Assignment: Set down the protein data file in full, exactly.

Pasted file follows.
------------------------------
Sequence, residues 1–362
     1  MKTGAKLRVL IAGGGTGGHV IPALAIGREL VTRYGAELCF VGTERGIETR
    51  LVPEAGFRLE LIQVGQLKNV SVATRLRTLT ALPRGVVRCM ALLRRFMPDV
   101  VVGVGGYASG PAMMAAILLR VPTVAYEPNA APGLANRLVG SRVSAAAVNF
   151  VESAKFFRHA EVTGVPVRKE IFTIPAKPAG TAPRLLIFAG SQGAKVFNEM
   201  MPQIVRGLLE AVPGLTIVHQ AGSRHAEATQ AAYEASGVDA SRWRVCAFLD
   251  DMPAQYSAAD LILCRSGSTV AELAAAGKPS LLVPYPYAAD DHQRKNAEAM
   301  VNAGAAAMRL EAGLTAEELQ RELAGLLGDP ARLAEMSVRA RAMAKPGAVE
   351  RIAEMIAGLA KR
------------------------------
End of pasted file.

Sequence, residues 1–362
     1  MKTGAKLRVL IAGGGTGGHV IPALAIGREL VTRYGAELCF VGTERGIETR
    51  LVPEAGFRLE LIQVGQLKNV SVATRLRTLT ALPRGVVRCM ALLRRFMPDV
   101  VVGVGGYASG PAMMAAILLR VPTVAYEPNA APGLANRLVG SRVSAAAVNF
   151  VESAKFFRHA EVTGVPVRKE IFTIPAKPAG TAPRLLIFAG SQGAKVFNEM
   201  MPQIVRGLLE AVPGLTIVHQ AGSRHAEATQ AAYEASGVDA SRWRVCAFLD
   251  DMPAQYSAAD LILCRSGSTV AELAAAGKPS LLVPYPYAAD DHQRKNAEAM
   301  VNAGAAAMRL EAGLTAEELQ RELAGLLGDP ARLAEMSVRA RAMAKPGAVE
   351  RIAEMIAGLA KR